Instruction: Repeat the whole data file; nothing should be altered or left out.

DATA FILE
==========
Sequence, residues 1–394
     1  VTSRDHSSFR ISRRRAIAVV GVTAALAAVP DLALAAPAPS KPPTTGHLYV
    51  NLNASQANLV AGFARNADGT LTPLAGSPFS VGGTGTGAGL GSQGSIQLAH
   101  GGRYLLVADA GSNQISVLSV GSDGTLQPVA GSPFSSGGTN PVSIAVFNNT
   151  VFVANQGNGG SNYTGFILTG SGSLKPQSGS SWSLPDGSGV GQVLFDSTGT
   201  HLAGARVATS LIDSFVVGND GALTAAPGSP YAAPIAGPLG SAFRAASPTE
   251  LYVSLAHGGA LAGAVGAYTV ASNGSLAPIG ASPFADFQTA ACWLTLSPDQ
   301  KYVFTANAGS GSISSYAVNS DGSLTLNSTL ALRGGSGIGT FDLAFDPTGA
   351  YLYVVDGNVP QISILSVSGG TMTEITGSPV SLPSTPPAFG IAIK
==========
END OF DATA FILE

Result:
Sequence, residues 1–394
     1  VTSRDHSSFR ISRRRAIAVV GVTAALAAVP DLALAAPAPS KPPTTGHLYV
    51  NLNASQANLV AGFARNADGT LTPLAGSPFS VGGTGTGAGL GSQGSIQLAH
   101  GGRYLLVADA GSNQISVLSV GSDGTLQPVA GSPFSSGGTN PVSIAVFNNT
   151  VFVANQGNGG SNYTGFILTG SGSLKPQSGS SWSLPDGSGV GQVLFDSTGT
   201  HLAGARVATS LIDSFVVGND GALTAAPGSP YAAPIAGPLG SAFRAASPTE
   251  LYVSLAHGGA LAGAVGAYTV ASNGSLAPIG ASPFADFQTA ACWLTLSPDQ
   301  KYVFTANAGS GSISSYAVNS DGSLTLNSTL ALRGGSGIGT FDLAFDPTGA
   351  YLYVVDGNVP QISILSVSGG TMTEITGSPV SLPSTPPAFG IAIK